First, I do not attempt to "break" each new implementation of a technology. It simply happens because the implementation has not been thought through. Companies rolling out new services on mobile phones need to think through the user experience. With payments this is even more important. If customers don't feel comfortable with a process they've tried, they will be hesitant to trust and return.
This experience described below is not mobile, but it involves NFC, and one can easily imagine a scenario involving cell phones which could go horribly wrong.
I drove myself to SFO (San Francisco airport) last week for a one-day business trip. I pulled up to the gate at the entrance of the parking garage to collect my ticket. Suddenly, my Speedpass "beeps." I think, "What?"
I roll down my window and there stands a parking garage attendant. She confirms that I want to use this prepaid SpeedPass to pay for my parking. (Please keep in mind that the cost of parking for one day will exceed the average balance that I carry on the card that I use to cross bridges in the Bay Area about once a month.) I tell her that I do NOT want to use SpeedPass to pay - I want to use my American Express card. (Ok, SpeedPass tied to my Amex card, but I don't want to use it this way.) She asks why as she undoes the recording of the time/date on my SpeedPass. I tell her that I am traveling for business and need a receipt. Duh? She scowls and punches a bunch of buttons on the machine so that it spits out a ticket for me.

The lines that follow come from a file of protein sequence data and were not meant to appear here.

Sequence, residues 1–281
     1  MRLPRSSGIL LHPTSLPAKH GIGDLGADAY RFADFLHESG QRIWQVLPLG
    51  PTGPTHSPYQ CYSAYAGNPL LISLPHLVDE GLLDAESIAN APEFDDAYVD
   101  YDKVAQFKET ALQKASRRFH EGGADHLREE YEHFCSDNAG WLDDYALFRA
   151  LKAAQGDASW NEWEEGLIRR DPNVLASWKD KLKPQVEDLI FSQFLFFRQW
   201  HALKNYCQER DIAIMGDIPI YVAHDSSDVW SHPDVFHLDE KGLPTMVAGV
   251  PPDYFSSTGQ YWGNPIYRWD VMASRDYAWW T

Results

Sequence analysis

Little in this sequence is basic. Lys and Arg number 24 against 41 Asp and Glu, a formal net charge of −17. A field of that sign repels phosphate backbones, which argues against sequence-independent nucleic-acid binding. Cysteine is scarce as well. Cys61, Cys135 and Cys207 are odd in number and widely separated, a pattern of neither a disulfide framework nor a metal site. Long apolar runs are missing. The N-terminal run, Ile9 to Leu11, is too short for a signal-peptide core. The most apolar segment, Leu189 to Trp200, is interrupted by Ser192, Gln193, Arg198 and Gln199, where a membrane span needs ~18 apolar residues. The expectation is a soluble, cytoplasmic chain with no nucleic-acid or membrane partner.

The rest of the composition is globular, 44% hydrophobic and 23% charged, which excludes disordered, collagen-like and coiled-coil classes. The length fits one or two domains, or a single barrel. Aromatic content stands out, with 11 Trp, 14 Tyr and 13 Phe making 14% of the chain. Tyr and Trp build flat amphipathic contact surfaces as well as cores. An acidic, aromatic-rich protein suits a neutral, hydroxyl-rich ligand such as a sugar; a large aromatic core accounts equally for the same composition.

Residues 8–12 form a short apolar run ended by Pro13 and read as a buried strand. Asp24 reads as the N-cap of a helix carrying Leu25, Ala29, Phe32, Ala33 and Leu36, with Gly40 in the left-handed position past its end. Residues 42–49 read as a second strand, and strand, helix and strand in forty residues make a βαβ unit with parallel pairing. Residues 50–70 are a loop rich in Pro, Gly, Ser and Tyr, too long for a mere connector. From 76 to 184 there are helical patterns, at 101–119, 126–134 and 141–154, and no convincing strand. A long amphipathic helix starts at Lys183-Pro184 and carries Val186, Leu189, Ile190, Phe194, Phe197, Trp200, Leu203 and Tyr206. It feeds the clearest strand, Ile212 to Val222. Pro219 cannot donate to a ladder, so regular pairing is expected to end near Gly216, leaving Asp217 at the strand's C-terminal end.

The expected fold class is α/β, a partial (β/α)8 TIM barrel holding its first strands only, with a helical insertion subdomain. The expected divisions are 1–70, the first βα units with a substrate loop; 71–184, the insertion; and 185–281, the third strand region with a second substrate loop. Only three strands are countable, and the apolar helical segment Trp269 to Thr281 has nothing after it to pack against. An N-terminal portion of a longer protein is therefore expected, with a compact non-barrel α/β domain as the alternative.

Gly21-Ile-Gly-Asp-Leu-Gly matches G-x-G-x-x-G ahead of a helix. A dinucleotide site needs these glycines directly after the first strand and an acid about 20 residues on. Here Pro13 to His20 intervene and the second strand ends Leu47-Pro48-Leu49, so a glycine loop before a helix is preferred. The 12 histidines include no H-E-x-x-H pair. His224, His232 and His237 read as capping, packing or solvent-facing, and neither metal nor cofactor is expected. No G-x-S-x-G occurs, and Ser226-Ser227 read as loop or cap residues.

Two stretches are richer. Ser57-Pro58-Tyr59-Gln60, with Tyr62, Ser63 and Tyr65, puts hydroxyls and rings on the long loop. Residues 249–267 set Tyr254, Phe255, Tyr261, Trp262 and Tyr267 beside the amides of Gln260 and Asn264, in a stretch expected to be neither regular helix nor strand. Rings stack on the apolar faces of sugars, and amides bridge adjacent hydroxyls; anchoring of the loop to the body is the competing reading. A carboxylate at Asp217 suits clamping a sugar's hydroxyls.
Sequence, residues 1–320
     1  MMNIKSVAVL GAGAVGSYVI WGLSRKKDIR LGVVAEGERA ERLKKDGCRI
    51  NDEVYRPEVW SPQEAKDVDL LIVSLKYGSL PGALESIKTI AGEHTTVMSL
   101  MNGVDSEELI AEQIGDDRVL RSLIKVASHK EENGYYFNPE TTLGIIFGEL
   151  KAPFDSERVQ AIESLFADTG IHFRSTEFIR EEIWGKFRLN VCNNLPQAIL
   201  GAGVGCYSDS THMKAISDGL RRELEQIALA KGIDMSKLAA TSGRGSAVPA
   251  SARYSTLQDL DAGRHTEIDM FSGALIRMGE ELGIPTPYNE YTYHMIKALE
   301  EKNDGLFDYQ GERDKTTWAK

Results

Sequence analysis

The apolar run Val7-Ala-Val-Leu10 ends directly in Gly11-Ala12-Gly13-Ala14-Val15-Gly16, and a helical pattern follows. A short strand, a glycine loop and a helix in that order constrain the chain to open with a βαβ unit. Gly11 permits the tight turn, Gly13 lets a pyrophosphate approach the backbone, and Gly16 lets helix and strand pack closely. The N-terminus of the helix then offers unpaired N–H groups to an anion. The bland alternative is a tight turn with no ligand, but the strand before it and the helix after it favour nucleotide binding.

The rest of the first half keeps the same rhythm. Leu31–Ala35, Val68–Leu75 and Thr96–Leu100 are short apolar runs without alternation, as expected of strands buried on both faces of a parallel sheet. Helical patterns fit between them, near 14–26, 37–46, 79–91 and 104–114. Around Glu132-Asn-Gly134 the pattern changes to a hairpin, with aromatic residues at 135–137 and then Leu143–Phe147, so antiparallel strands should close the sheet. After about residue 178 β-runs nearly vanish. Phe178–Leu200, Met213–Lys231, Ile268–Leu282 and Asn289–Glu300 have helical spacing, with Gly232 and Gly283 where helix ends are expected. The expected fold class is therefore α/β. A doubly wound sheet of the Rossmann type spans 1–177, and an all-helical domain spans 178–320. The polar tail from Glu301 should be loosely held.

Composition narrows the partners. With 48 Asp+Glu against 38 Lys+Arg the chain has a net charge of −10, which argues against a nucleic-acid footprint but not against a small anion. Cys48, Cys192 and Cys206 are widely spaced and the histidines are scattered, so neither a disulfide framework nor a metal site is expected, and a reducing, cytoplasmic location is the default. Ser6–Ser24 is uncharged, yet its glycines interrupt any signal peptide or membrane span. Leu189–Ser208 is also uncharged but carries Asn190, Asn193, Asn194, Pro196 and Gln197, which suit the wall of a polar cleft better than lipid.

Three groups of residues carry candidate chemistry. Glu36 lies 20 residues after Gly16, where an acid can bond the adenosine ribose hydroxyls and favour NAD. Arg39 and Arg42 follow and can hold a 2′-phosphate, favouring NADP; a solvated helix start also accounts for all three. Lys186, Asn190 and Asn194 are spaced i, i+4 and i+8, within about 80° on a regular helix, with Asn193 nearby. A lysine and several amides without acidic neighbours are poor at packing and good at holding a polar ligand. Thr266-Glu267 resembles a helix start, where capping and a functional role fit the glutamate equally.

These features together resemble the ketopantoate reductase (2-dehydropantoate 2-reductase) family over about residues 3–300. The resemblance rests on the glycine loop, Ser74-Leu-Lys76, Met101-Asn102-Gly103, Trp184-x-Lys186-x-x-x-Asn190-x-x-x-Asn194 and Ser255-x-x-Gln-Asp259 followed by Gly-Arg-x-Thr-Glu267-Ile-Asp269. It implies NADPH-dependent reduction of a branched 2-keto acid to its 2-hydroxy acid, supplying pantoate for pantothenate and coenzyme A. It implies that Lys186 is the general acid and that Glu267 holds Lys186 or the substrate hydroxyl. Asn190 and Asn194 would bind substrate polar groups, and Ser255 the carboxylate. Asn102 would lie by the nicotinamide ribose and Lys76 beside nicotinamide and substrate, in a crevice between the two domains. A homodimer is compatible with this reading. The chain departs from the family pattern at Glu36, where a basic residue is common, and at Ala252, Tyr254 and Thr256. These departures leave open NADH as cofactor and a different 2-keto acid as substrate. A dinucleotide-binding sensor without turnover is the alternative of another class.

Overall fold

Nokia announced this morning that their new Ovi store is "open for business" and that AT&T here in the States will join the growing list of carriers supporting Ovi. This is good news for consumers. Apple has done a wonderful job of educating American consumers about all the things a high end cell phone can do. They've shown us games, fun stuff, FedEx tracking, news, sports, - the list is long. They've grown our appetite for high end devices that can do just about anything.
The N97 will come into the market this summer on the heals of the Palm Pre and maybe a new iPhone (if the rumors are true). No word yet on the pricing though we haven't seen US carriers subsidize the Nseries devices from Nokia to the extent that they have for Apple, Blackberry, Samsung, HTC, etc.